In search of good male role models

Today a little bit of me died.

When my children were tiny, I read ‘Raising Boys’ a popular parenting book by Steve Biddulph.  He writes about the need for, and scarcity of, positive male role models. So I actively sought out these role models through their early years.  It’s not easy. My son played youth football. Perhaps the very worst place to find good role models. I met the most hideous people I’ve ever come across on the touchline of youth football matches. Parents getting into fights. Referees strutting arrogantly and playing god. Club officials snarling and intimidating the kids. Players getting into fist fights – with their own teammates. It was a zoo.


Other sports and interests have exposed us to whole new communities of nutters, zealots, pushy parents with sharp elbows and a wide range of bizarre sociological case studies.

Through all of this, I have seen martial arts as the best place to look for good role models. The men who ran my local karate dojo were extraordinary. Hard men with great sensitivity. They were inspirational. They taught self-reliance, discipline and toughness but they were kind and they commanded great loyalty.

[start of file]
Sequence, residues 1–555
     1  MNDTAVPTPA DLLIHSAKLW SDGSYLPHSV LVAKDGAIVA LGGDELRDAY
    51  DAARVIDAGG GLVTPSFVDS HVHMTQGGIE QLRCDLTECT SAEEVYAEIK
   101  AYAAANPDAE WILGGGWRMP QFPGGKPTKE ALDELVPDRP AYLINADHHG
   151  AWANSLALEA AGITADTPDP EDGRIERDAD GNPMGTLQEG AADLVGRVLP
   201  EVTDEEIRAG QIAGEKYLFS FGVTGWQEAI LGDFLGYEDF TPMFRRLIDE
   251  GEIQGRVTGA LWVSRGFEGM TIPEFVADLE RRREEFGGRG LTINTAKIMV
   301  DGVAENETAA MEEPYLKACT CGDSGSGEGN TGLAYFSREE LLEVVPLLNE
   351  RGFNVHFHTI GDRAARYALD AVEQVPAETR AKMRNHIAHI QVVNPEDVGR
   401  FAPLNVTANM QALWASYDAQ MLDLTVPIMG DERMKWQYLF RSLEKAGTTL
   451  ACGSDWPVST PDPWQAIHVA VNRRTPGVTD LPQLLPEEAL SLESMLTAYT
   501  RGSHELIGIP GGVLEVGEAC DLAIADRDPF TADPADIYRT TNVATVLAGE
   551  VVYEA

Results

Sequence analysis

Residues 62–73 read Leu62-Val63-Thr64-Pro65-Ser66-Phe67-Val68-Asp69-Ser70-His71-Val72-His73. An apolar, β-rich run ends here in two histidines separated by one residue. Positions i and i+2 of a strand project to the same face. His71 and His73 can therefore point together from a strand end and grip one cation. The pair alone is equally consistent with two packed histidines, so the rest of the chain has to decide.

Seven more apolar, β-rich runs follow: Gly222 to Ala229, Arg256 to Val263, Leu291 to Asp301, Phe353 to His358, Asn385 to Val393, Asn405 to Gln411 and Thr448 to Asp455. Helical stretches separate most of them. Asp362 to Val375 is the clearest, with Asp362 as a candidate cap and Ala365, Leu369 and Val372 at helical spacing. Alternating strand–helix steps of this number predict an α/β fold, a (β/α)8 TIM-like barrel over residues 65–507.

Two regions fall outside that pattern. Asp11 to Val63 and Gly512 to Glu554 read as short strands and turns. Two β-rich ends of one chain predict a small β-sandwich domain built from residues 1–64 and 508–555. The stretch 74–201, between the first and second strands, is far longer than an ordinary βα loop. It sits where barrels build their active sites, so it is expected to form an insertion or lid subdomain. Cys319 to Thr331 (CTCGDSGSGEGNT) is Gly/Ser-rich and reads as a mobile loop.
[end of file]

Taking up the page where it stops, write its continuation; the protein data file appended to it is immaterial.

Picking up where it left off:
Today I read that the longstanding Sensei is in court facing charges of child molestation.  Part of me doesn’t believe it. But that would be naïve. Worse, it has happened before. The inspirational founder of my son’s local basketball team was also prosecuted for a paedophile offence. I liked him too.

Not only is this kind of thing seemingly more common and closer to home than I imagined. It affects exactly the people you most thought you could trust. In leafy Surrey we tend to sigh and stare at our shoes when this sort of thing happens rather than reach for the torches and pitchforks. But it’s profoundly saddening.


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